Annonaceous acetogenins (ACGs) are secondary metabolites produced by the Annonaceae family and display potent anticancer activity against various cancer cell lines. Squamocin and bullatacin are two examples of ACGs that show promising antitumor activity; however, preclinical data are not sufficient partly due to their being highly lipophilic and poorly soluble in water. These compounds also display high toxicity to normal cells. Due to these disadvantageous properties, the therapeutic potential of squamocin and bullatacin as antitumor agents has not been fully evaluated.
In order to enhance their water solubility and potentially improve their cancer targeting, squamocin and bullatacin were conjugated to a glucose or galactose to yield glycosylated derivatives by direct glycosylation or the Cu(I)-catalyzed azide-alkyne 1,3-dipolar cycloaddition (CuAAC) reaction (the click reaction). The synthesized compounds were evaluated for their anticancer property against HeLa, A549 and HepG2 cancer cell lines using MTT assay.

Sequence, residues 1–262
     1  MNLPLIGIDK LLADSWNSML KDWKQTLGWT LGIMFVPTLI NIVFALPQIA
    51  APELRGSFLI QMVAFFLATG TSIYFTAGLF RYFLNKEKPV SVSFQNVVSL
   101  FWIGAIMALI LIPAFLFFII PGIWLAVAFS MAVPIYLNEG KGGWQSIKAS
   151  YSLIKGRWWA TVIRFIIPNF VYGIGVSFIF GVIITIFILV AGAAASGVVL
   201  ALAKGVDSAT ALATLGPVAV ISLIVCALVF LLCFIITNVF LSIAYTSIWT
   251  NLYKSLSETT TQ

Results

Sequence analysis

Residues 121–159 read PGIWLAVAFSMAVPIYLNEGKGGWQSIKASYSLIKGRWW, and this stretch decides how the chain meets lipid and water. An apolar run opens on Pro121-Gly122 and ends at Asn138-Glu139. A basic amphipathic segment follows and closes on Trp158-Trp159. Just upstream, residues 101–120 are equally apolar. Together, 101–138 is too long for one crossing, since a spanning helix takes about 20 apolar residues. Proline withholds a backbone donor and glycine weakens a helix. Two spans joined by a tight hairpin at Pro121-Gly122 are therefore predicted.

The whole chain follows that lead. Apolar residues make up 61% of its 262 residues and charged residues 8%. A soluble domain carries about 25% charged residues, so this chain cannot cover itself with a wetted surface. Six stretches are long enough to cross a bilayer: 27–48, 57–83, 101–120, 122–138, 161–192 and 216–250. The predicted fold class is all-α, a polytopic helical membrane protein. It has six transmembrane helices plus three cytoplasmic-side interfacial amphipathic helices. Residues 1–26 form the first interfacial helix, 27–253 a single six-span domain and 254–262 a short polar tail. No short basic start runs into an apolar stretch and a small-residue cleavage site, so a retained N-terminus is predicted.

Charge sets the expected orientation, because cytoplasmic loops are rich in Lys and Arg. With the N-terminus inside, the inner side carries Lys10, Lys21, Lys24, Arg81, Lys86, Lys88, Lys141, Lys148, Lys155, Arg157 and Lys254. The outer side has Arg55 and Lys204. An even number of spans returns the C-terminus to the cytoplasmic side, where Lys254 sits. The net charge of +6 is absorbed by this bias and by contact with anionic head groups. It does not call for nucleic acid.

Nine glycosyl derivatives were synthesized and structurally characterized. Most of them show comparable in vitro cytotoxicity against HeLa, A549 and HepG2 cancer cell lines as their parent compounds squamocin and bullatacin. It appears that the type of sugar residue (glucose or galactose), the position at which the sugar residue is attached, and whether or not a linking spacer is present do not affect the potency of these derivatives much. The solubility of galactosylated squamocin 13 in phosphate buffer saline (PBS, pH = 7) is greatly improved (1.37 mg/mL) in comparison to squamocin (not detected in PBS).
The conjugation of a glucose or galactose to squamocin and bullatacin yields glycosyl derivatives with similar level of anticancer activity in tested cell lines. Further studies are needed to demonstrate whether or not these compounds show reduced toxicity to normal cells and their therapeutic potential as antitumor agents.